FedEx Corp. on Monday, March 29, announced the expansion of its alternative-energy vehicle fleet with the first all-electric FedEx parcel delivery trucks in the United States. Four purpose-built electric trucks – optimized for electric operation from the wheels up – are slated to hit the road in the Los Angeles area starting in June, joining more than 1,800 alternative-energy vehicles already in service for FedEx around the world.
“FedEx has a history of changing what’s possible, both in the innovative services we offer customers and in the way we offer those services,” says John Formisano, vice president of Global Vehicles for FedEx Express. “We’re making these investments, and invite others to join us, so that together we can speed the transition to a cleaner transportation system.” FedEx is purchasing its first North American all-electric vehicles from two different suppliers to evaluate the robustness of this technology for demanding daily FedEx Express deliveries in the Los Angeles area and provide information to help guide future FedEx vehicle purchases.
Two of the new all-electric trucks come from Navistar and are being assembled in Indiana. These are based on the Modec design already operated by FedEx in Europe; 10 serve FedEx routes in London, and five more are on order for Paris. Another pair of electric vehicles is being purchased from a different manufacturer for delivery to the Los Angeles area later in 2010. Both sets of electric vehicles are designed with a range that allows many FedEx Express couriers to make a full eight-hour shift of deliveries before their vehicles need recharging.
A FedEx-branded prototype all-electric truck from Navistar was unveiled Monday, March 29, at an event in Chicago to kick-off a demonstration tour of the technology. The vehicle will be operated for FedEx customers, employees and local officials in several stops along historic Route 66 between Chicago and Los Angeles. The “Charge Up Route 66” tour is intended to pay homage to America’s transportation past and the facilitation of inter-city commerce furthered by development of early highways such as Route 66. Once in California, the Navistar electric truck will be demonstrated at the Fortune Brainstorm Green conference, an environmental leadership event scheduled April 12-14 and featuring a presentation by Mitch Jackson, vice president of environmental affairs and sustainability for FedEx Corp.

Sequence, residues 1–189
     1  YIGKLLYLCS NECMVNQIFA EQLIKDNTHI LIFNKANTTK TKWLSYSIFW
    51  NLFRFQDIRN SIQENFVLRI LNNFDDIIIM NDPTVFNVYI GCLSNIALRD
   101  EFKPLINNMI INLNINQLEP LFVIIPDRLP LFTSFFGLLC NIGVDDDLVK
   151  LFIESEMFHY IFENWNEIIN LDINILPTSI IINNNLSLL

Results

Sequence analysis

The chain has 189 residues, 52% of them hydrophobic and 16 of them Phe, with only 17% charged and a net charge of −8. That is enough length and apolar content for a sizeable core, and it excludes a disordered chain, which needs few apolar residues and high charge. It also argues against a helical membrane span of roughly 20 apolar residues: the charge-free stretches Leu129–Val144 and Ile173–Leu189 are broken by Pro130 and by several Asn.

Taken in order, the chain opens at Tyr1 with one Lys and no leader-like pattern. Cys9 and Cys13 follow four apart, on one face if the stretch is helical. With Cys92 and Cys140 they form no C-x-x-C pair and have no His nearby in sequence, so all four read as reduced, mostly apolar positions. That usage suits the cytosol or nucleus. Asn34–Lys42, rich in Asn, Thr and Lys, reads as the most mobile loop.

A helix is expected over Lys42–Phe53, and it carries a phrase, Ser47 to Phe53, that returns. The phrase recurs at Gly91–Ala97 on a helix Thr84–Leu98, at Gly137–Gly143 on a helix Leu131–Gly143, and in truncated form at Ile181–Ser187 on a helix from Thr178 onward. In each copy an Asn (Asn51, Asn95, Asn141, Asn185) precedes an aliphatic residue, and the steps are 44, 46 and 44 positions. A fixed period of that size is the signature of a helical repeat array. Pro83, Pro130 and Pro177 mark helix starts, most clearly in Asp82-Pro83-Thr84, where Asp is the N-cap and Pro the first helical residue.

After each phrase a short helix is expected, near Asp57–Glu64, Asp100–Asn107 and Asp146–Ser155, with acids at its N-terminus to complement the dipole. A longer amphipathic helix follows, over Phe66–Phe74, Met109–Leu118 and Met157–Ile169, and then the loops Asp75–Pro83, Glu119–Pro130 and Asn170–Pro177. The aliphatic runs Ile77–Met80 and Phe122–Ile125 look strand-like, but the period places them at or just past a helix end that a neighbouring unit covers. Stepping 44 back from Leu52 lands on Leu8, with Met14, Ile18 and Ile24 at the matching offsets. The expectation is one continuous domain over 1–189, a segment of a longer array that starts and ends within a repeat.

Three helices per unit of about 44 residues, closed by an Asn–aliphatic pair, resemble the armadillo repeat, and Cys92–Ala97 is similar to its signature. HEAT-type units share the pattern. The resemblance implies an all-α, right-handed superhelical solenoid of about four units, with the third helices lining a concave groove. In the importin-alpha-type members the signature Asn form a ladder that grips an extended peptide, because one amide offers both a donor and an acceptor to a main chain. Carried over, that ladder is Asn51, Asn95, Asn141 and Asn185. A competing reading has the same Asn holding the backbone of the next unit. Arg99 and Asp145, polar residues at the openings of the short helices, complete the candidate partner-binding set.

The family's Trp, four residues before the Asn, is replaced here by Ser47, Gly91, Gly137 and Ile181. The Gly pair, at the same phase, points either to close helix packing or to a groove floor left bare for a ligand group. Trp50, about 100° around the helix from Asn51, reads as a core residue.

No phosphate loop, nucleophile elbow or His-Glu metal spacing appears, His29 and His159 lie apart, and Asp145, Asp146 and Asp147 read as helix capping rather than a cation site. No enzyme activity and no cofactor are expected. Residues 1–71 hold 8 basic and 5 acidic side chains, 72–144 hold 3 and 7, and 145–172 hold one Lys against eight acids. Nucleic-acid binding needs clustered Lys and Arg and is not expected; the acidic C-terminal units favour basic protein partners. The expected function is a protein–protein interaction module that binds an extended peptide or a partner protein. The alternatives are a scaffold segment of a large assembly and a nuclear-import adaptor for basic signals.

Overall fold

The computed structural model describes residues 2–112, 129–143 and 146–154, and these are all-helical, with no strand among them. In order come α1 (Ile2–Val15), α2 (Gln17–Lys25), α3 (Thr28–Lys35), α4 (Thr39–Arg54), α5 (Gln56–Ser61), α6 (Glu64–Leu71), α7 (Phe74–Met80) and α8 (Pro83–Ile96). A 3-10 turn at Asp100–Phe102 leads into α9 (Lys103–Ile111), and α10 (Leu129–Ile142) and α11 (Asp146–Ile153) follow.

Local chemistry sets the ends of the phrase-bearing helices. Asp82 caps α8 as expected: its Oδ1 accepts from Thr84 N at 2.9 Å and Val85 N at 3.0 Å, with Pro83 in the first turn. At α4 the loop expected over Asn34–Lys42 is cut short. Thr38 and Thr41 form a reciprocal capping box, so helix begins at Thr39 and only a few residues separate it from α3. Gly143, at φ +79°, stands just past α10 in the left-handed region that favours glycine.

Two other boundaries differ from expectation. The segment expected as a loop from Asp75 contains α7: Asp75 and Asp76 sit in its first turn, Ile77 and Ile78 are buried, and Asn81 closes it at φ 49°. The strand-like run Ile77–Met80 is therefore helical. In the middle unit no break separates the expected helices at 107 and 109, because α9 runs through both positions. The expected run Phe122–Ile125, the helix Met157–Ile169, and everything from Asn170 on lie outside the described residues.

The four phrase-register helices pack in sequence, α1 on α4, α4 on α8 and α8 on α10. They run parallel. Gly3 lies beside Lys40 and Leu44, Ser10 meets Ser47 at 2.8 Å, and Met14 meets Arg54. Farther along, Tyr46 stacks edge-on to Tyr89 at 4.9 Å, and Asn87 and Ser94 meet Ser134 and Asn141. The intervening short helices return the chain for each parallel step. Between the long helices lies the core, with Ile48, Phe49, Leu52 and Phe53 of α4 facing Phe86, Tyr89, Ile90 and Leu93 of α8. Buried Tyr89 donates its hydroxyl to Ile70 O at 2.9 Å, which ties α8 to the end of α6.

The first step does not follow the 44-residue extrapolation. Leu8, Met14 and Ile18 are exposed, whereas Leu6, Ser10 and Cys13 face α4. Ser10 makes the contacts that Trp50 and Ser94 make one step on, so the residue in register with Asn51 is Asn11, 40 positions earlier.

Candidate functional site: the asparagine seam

“Electric trucks are still in their infancy, but we think they have a bright future in the mix of alternative energy vehicles,” Jackson says. “Reliability and maintainability is critical for FedEx because of our commitment to superior customer service, so we’ll be giving these trucks a real workout, helping the manufacturers refine their future offerings. Down the road, we see the possibility of charging electric vehicle fleets with low- or zero-emissions electricity generated onsite by such innovations as solar electric arrays, like those at FedEx locations in California, New Jersey and Germany, or the Bloom Energy Server, another new technology we’re helping to pioneer through evaluating it at our solar-powered hub in Oakland.”
By the end of June, the FedEx alternative energy fleet will have grown to 1,869 vehicles in service around the world, helping to diversify and expand the all-electric and hybrid-electric vehicle market around the globe. Beyond the nine new electric trucks to be deployed in Los Angeles and Paris, FedEx has purchased 10 additional hybrid-electric vehicles that will be added to its California fleet throughout the spring, based in Oakland.